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10h
revised Quotients of finitely generated nilpotent groups
for clarification, edited to remove the statement that Woess claimed the stronger statement
17h
comment On sentences true in all finite groups (revisited)
About (2): The sentence $\exists x\forall y_1,\dots,y_k:w(x,y_1,\dots,y_k)=1$ holds in every group iff it holds in a free group of countable rank, iff $w(1,y_1,\dots,y_k)=1$ as abstract word. I'm not sure if the same conclusion if the above sentence is only supposed to hold in every finite group.
18h
comment The possibility of a symmetric difference in a torsion-free group
My guess is that constructing such groups would require a small cancelation argument and some computer assistance in order to check that these (graphical?) small cancelation conditions are fulfulled (by prescribing $B$ to be of some given even large enough cardinal).
22h
comment Quotient group of an amalgam
The 1st question has an obvious answer: if $f:G\to H$ is surjective and $H=A_1\ast_{A_2} A_3$, then $G=B_1\ast_{B_2} B_3$, where $B_i=f^{-1}(A_i)$. This sounds unrelated to the second question, which sounds "too broad".
22h
comment Quotients of finitely generated nilpotent groups
The edited question is not of research level and should be erased here and answered on MathSE. The original question sounds natural and interesting if turned into a question instead of a reference request.
1d
revised Group with finite outer automorphism group and large center
Added infinitely generated example, and fixed out->outer in title, added 1 tag
1d
comment Quotients of finitely generated nilpotent groups
here's the MathSE link: math.stackexchange.com/questions/1301400/…
1d
comment Is the braid group with $n$ strings $\mathcal{B}_n$ a lattice in a connected semi-simple Lie group?
sorry for taking so much time, but I wanted to write a full argument, not working only for large $n$.
1d
answered Is the braid group with $n$ strings $\mathcal{B}_n$ a lattice in a connected semi-simple Lie group?
2d
comment Free actions of non-amenable groups
rather of $\mathcal{L}^\infty(X)$, the space of bounded measurable functions.
2d
comment A family of posets
sounds different: the 4-element poset $b>a<c<d$ has the above property but is not skeletal according to Ex 9.6 in your link
2d
comment The possibility of a symmetric difference in a torsion-free group
It's not possible when the group is bi-orderable (e.g., abelian or even nilpotent, or free). Indeed, if $x_1B=x_2B\Delta x_3B$ then since $B$ is nonempty, we have $x_1,x_2,x_3$ pairwise distinct, and since this condition is symmetric in $x_1,x_2,x_3$, we can suppose $x_1<x_2<x_3$. Since $B$ is finite, it has a maximal element $b$, so that $x_3b$ belongs to neither $x_2B$ nor $x_1B$, contradicting the condition.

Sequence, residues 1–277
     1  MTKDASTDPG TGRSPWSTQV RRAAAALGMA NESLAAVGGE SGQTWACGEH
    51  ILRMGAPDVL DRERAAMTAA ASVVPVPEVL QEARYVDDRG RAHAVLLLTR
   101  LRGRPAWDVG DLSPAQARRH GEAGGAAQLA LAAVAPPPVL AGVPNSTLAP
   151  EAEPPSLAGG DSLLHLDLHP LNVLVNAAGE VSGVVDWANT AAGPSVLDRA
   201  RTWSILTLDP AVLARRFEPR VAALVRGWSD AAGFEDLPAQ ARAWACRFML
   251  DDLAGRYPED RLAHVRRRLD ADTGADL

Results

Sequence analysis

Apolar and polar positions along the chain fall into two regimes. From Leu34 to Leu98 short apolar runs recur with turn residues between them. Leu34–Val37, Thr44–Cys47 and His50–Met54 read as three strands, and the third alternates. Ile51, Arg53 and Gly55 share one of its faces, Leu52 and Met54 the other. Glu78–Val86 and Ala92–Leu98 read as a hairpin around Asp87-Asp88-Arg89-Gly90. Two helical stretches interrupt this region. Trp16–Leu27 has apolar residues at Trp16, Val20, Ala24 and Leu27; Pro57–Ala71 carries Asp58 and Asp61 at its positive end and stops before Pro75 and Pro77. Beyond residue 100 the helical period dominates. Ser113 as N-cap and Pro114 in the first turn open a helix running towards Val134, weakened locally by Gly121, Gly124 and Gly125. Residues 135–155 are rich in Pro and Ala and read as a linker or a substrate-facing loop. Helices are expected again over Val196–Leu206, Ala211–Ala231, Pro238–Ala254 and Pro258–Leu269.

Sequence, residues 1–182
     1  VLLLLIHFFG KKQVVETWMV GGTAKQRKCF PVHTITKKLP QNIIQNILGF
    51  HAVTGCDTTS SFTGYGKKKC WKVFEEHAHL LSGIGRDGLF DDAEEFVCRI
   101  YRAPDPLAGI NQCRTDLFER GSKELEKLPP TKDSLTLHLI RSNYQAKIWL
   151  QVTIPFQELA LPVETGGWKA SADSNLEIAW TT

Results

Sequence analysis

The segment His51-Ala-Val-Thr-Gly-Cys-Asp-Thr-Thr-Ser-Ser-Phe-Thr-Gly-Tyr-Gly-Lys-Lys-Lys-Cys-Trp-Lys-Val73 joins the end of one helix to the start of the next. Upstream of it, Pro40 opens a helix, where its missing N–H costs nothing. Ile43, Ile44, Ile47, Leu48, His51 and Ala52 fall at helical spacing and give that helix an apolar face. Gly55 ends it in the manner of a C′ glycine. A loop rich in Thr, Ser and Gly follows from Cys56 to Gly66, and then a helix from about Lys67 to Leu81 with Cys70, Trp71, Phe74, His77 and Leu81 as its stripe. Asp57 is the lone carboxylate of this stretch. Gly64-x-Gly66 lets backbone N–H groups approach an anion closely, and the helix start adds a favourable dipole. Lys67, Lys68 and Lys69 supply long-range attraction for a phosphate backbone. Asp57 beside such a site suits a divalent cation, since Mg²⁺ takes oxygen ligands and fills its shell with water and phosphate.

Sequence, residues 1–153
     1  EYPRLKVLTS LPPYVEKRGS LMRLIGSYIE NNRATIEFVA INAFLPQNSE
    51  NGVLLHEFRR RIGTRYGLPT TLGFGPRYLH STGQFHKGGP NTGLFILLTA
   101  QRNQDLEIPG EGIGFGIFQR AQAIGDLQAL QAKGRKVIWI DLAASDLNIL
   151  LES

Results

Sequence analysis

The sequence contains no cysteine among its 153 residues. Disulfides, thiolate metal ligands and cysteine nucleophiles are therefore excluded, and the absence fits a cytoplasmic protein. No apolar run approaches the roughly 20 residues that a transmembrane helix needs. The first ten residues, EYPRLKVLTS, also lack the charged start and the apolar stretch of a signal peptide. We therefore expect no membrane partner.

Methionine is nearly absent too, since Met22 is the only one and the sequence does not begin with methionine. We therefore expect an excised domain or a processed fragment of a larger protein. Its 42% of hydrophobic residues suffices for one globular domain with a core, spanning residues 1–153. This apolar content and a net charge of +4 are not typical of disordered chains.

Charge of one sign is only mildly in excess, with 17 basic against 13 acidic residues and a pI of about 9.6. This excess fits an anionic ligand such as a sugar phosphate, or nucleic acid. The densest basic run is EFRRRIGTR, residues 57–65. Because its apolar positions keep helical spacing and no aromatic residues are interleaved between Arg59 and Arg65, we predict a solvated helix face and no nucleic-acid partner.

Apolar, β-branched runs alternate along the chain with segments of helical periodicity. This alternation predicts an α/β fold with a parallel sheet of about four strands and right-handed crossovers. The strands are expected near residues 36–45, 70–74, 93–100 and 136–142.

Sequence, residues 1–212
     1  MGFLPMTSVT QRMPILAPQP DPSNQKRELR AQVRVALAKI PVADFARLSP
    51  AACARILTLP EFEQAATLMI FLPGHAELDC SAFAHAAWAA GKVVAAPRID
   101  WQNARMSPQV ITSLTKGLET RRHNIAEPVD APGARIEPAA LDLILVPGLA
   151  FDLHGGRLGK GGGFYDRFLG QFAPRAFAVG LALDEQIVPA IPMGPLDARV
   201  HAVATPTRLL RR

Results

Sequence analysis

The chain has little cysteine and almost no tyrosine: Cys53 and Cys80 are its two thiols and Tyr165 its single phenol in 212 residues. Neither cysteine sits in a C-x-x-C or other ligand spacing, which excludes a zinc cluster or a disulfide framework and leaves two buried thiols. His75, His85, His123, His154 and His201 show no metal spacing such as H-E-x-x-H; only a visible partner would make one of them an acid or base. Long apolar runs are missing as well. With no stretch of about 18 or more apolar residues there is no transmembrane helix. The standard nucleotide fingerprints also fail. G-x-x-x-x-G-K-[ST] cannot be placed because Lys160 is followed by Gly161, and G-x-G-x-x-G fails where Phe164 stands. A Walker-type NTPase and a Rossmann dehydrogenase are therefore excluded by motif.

May
26
comment classification of $p$-groups
I can believe this (for class-2 nilpotent groups in the complex case it already gets really complicated, maybe the threshold is just a little higher; actually I don't know if the passage from complex to arbitrary fields, say of char. $>11$, is known even in dimension 7.)
May
26
comment classification of $p$-groups
@DerekHolt: it's one point of view but I'm not 100% convinced it's the only one. For instance, complex nilpotent Lie algebras of dimension 8 are classified in the case of nilpotency length 2 (and there are finitely many) while the classification is much more complicated for nilpotency length 7 and 6 (that is, coclass 1 and 2). This should be reflected in the classification of groups of order $p^8$ and exponent $p$ when $p\ge 11$, since their classification can be restated in terms of Lie algebras over $Z/pZ$.
May
26
comment classification of $p$-groups
2: only for a few small values of $n$ (I think the classification of groups of order $p^n$ then tends to be "stable" when $n$ is fixed in the sense that it has a uniform description for $p\ge p_n$ for some $p_n$).
May
26
comment Nontrivial finite group with trivial cohomology in prescribed degree
A variant: given $i$, does there exist a finite group $G$ such that $H^j(G)=0$ for every $j$ with $0<j\le i$?
May
26
comment Subgroups of the group $G_2 \times G_2$
A product of groups $H_1\times H_2$ contains a simple group $S$ iff either either $H_1$ or $H_2$ contains $S$. Idem for Lie algebras.
May
26
comment Graph on the set of all functions $f:\mathbb{N}\to\mathbb{N}$
If you replace the target set $\mathbf{N}$ with a 2-element set, the components of the resulting graph are all isomorphic and called "hypercubes". When the target set is $\mathbf{N}$ or $\mathbf{Z}$, it is also natural to put an edge only when $f-g$ is $\pm$ the Dirac function at some point, so that the resulting distance is the $\ell^1$-distance.
May
25
comment Hyperbolic manifold of dim 3 with finite volume.
this was my guess, but you could reformulate your first sentence as something "By work of Agol, Wise and others, the Virtual Haken theorem provides a classification of closed hyperbolic 3-manifolds (up to finite covering, and modulo a suitable classification of pseudo-anosov elements in the mapping class groups)."
May
25
comment Hyperbolic manifold of dim 3 with finite volume.
By the way I don't understand if you're speaking of 3-folds or hyperbolic 3-folds, so I may misunderstand your question. The geometrization theorem is a decomposition theorem for 3-folds, which for a geometrizable 3-fold such as a hyperbolic 3-fold is a tautology.